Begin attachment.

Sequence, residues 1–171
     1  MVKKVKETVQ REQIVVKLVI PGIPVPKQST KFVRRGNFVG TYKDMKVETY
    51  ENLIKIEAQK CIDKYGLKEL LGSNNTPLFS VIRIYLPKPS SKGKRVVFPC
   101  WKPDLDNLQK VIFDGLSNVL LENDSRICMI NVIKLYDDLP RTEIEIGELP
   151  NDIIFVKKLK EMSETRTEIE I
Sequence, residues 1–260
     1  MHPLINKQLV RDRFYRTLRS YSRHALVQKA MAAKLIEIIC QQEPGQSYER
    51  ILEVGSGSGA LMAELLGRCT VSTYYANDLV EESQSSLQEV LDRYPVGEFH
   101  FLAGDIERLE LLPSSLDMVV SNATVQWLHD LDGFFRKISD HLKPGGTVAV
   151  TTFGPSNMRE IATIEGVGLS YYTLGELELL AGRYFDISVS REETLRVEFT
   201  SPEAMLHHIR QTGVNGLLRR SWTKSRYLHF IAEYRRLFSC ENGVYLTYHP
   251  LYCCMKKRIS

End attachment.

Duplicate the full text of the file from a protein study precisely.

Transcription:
Sequence, residues 1–171
     1  MVKKVKETVQ REQIVVKLVI PGIPVPKQST KFVRRGNFVG TYKDMKVETY
    51  ENLIKIEAQK CIDKYGLKEL LGSNNTPLFS VIRIYLPKPS SKGKRVVFPC
   101  WKPDLDNLQK VIFDGLSNVL LENDSRICMI NVIKLYDDLP RTEIEIGELP
   151  NDIIFVKKLK EMSETRTEIE I
Sequence, residues 1–260
     1  MHPLINKQLV RDRFYRTLRS YSRHALVQKA MAAKLIEIIC QQEPGQSYER
    51  ILEVGSGSGA LMAELLGRCT VSTYYANDLV EESQSSLQEV LDRYPVGEFH
   101  FLAGDIERLE LLPSSLDMVV SNATVQWLHD LDGFFRKISD HLKPGGTVAV
   151  TTFGPSNMRE IATIEGVGLS YYTLGELELL AGRYFDISVS REETLRVEFT
   201  SPEAMLHHIR QTGVNGLLRR SWTKSRYLHF IAEYRRLFSC ENGVYLTYHP
   251  LYCCMKKRIS